I also liked to draw tools, for they had interesting shapes. I was also told, over and over again, that I was mimicking Jim Dine. The truth is, I didn't know who he was! Finally, I saw his work and was shattered: it was true, though completely innocent. My paintings looked like near-duplicates of his.

So, I was pushed. Do something that expresses your self, I was told.

I had some boxes of plaster impregnated bandage (I have no idea why). So, one day I took them and made a mold of my tenement bathroom. After it dried, I took a box cutter and cut it into manageable sizes and dragged them into my studio at school. "Ah", said my instructor, "Now you're getting somewhere." Utter bullshit, thought I. I was just messing about.

It made me quite angry, really. So, I decided to push it. I called a friend with a camera and asked him to stand in front of the school. I also asked him to clear the sidewalk. This was 23rd Street in New York City so that was no mean feat, but he did it.
Then, I threw the bunch of plaster bathroom crap out of the window of School of Visual Art's 7th floor studio.

My instructor was in heaven. I then ran down the stairs with two buckets of paint. I poured red paint on the mess. Cllck. Click. Cameras taking pictures. Artist at work! I poured black paint on the mess. More pictures. A crowd!

Then I threw the lot in the dumpster and went home.

At the end of the semester we had a review of work. I took the contact sheet pictures and cut them up. Then, I pinned all the pictures of the "event" around the huge room. The students gazed upon them, walking in awed silence. I sat there, dressed in my pre-goth finery, probably staring at the floor with a look of utter disdain on my face. I was asked questions, many of them, to which I said "no comment".

I got an A+ from the instructor who thought I had a promising career as a performance or installation artist. Fat chance. I quit school on the spot. I can not tolerate bullshit. This is why I am a complete failure.

Now, spelling words is an honest thing to do. You are either right or you are wrong. End of story.


Field Trip Lady said...

Hi, thanks for the post for all of us logophiles.
I'm curious if you realize that you spelled aptyalism 3 different ways in the post, and to be honest, since I can't find it in my dictionary, I'm not sure of the correct spelling.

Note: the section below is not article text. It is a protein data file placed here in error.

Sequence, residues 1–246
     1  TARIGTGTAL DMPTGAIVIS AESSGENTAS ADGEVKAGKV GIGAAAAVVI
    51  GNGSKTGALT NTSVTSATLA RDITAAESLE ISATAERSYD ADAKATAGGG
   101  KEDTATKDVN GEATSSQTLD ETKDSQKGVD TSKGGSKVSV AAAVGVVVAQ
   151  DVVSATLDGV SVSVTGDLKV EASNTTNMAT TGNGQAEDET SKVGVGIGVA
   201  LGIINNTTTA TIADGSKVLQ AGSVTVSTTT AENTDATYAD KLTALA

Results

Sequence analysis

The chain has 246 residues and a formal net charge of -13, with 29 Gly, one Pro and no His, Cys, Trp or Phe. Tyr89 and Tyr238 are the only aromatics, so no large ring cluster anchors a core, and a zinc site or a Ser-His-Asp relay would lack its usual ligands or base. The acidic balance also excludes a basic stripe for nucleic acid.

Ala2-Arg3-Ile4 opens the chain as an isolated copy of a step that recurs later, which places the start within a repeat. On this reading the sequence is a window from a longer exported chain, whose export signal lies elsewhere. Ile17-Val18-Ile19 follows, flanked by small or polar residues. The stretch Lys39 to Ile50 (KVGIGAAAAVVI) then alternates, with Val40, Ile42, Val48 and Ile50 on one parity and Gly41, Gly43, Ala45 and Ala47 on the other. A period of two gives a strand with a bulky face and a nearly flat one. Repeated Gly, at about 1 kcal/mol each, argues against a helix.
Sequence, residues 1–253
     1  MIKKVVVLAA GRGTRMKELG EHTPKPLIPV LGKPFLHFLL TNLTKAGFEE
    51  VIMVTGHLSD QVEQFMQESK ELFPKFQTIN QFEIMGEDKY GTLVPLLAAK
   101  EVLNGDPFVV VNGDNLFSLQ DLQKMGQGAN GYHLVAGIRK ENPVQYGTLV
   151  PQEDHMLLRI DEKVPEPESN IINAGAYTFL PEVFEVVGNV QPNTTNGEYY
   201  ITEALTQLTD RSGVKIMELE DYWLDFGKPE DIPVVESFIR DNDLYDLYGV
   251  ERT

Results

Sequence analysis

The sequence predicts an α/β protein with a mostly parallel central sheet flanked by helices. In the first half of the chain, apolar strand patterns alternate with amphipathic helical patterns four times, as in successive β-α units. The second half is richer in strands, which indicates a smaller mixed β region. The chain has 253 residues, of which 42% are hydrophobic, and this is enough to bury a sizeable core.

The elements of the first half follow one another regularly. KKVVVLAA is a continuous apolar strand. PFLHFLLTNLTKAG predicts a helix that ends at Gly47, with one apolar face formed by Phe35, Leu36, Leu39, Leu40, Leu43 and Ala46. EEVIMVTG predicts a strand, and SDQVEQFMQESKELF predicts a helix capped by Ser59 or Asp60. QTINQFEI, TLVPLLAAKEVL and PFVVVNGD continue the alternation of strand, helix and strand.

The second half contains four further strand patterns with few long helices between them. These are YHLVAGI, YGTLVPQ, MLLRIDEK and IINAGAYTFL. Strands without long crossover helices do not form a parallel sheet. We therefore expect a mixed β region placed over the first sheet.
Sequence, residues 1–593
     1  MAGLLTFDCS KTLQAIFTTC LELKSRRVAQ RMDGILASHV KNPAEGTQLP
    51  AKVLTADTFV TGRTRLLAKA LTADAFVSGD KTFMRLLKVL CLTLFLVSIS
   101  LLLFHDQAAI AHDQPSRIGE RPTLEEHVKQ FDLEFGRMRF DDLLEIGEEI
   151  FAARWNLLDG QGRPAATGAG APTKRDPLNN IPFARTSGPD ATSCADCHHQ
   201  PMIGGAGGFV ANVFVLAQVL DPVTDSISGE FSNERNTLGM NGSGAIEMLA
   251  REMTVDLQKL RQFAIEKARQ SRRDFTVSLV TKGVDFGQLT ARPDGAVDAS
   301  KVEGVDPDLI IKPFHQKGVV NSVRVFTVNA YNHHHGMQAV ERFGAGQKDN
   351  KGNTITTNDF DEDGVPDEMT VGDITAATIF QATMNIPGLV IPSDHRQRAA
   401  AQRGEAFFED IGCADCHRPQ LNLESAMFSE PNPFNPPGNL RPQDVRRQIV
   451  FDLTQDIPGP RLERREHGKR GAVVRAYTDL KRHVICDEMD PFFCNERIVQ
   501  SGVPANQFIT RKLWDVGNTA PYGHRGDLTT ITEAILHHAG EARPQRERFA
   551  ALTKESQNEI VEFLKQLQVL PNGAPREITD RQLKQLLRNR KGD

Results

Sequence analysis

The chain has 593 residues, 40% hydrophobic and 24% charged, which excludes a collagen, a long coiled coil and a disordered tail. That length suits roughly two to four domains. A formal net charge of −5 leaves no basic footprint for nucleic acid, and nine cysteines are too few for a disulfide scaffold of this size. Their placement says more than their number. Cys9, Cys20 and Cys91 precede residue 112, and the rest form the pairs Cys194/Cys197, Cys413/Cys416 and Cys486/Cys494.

I also want to put in a plug for the Russian language. Although I'm sure you would have learned a lot from the denied Latin course, it sounds as though you've already got a handle on the Latin languages. Russian, however, is much harder to just "pick up" randomly, and I think if you had learned it under different circumstances, you might have really enjoyed it. It is also the 5th most spoken language in the world, so not totally useless.

Anyway, I enjoyed reading your post. I had just caught the end of the spelling bee, and I was attempting with little success to find a definition for "esclandre," a word I was intrigued by. "Prosopopoeia" didn't stump me, though, as it is too close to "onomatopoeia," another of my favorite words. I felt badly for the boy who missed it. I'm sure he was disappointed.

Julie H. Rose said...

Thanks, field trip lady! I know I spelled aptyalism wrong once (a typo), but I suppose when I went to fix it, I confused myself. I could delete your comment, but I'm not that kind of person (what kind of person would that be?) Oh, a person who can't admit mistakes, I suppose.

I have noticed that my spelling and grammar are getting worse as I get older. It's awful to be losing ones marbles (well, that's not quite the right expression, is it?)

Field Trip Lady said...

Don't feel too badly. I used the word "attackded" earlier this evening, which isn't really a word. I blame lack of sleep rather than age, or at least, I hope that's what it is.

kristenpaine said...

i was amazed by the esclandre word myself and cant seem to find the definition the judges described on the show.